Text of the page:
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Parkinson's disease: neurosurgery at an earlier stage?
  1. V Mesnage1,
  2. J–L Houeto1,
  3. M–L Welter1,
  4. Y Agid1,
  5. B Pidoux2,
  6. D Dormont3,
  7. P Cornu4
  1. 1Centre d’Investigation Clinique, Fédération de Neurologie and INSERM U 289, Hôpital de la Salpêtriére, Paris, France
  2. 2Fédération de Neurophysiologie Clinique, Hôpital de la Salpêtriére
  3. 3Service de Neuroradiologie, Hôpital de la Salpêtriére
  4. 4Service de Neurochirurgie, Hôpital de la Salpêtriére
  1. Correspondence to:
 Dr Y Agid, Centre d'Investigation Clinique, Hôpital de la Salpêtriére, 47 boulevard de l'Hôpital, 75013 Paris, France;

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Bilateral high frequency stimulation of the subthalamic nucleus (STN) is an alternative treatment for advanced forms of levodopa-responsive Parkinson's disease (PD) with severe motor complications.1 Most patients so far treated in this way had their disease for an average of 15 years,2 no longer worked, were socially isolated and dependent on their families. As this neurosurgical treatment remarkably improves parkinsonian motor disability and levodopa induced dyskinaesias, we wondered whether operating earlier during the course of the disease would enable patients to maintain their previous social and professional status. A retrospective analysis of 41 successive severely disabled PD patients operated in our department3 showed that four of them, who had disease duration of less than 10 years, were allowed to still maintain their professional activity after neurosurgery.


A 47 year old man, restaurateur with two dependent children, had had PD for five years. Levodopa induced dyskinaesias were so severe that he was no longer able to cope with his managerial functions and feared bankruptcy. Six months after neurosurgery, parkinsonian motor disability, daily doses of levodopa, and severity of levodopa induced motor complications decreased by 97%, 87%, and 100%, respectively. The patient has sold his business but has resumed his professional activity in another establishment.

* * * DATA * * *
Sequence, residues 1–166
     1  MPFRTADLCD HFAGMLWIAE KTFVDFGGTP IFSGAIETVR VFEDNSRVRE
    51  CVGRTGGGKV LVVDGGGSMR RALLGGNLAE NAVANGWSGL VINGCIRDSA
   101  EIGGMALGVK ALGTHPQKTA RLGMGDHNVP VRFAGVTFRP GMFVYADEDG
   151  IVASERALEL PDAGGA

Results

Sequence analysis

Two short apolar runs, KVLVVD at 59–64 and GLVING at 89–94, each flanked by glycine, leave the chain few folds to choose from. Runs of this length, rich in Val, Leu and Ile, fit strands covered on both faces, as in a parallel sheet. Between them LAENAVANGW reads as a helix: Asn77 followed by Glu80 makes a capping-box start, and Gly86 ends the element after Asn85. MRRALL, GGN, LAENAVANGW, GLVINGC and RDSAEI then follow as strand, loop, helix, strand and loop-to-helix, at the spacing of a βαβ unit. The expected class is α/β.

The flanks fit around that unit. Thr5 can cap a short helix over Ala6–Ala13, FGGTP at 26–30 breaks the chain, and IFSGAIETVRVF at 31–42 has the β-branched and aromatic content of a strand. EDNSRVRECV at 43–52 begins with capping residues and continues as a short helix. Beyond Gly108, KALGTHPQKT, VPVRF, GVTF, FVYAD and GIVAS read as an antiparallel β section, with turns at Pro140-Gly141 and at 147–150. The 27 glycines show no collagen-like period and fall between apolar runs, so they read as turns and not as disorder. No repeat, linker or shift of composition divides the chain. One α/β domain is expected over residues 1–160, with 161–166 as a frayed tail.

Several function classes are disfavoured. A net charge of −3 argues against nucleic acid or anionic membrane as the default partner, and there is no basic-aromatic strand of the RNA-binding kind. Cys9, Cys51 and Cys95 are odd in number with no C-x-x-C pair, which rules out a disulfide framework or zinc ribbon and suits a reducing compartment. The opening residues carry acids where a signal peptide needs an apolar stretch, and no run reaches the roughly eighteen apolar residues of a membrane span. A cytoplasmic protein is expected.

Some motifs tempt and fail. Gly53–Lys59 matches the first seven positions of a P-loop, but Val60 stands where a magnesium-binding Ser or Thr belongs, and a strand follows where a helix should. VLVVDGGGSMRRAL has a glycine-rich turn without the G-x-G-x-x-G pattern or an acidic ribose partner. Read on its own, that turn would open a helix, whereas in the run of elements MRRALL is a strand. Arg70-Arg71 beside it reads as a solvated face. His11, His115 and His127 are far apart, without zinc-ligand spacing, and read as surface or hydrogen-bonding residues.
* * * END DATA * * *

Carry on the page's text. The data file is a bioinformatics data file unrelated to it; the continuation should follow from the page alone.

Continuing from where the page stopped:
A 48 year old woman, single without children, had had PD for five years. The response to levodopa treatment was excellent apart from disabling levodopa related motor complications.

She was the assistant director of a jewellry shop and had increasing difficulties performing her job. She was frequently on sick leave, and for this reason, was about to be made redundant. Bilateral stimulation of the STN reduced her motor handicap, daily doses of levodopa, and levodopa induced motor complications by 95%, 93%, and 90%, respectively. Nine months after the operation, she was again working full time.


A 46 year old woman, divorcee with two dependent children, had had severe PD for nine years. She was an emergency room nurse, but had been on sick leave for two years and expected to be let go for reasons of invalidity. The operation reduced her motor handicap, daily doses of levodopa, and levodopa induced motor complications by 87%, 76%, and 84%, respectively. Four months after the operation, she went back to work half time in the outpatient clinic of the department of medicine.


A 50 year old woman, married with one child, had had severe PD for five years. She was a lawyer and feared being unable to continue to exercise her profession. Nine months after neurosurgery, her motor handicap, daily doses of levodopa, and levodopa induced motor complications were reduced by 84%, 80%, and 75%, respectively. She is successfully pursuing her career.

These findings suggest that bilateral high frequency stimulation of the STN, when performed sufficiently early in the evolution of PD, can prevent the motor handicap and adverse reactions of levodopa from interfering with socio-professional integration and family life. Although this is an open label observation of select PD patients reported in the absence of long term follow up, we wonder whether one should not give PD patients a chance for a normal life, when otherwise they are certain to lose their job and their autonomy, even with optimised antiparkinsonian medications. We propose that a controlled study should be performed to demonstrate the validity and the economical consequences of this proposition. Such a decision needs to be balanced by taking into consideration the long waiting lists in the centres performing such surgery and the risks associated with neurosurgery.



  • Competing interests: none declared.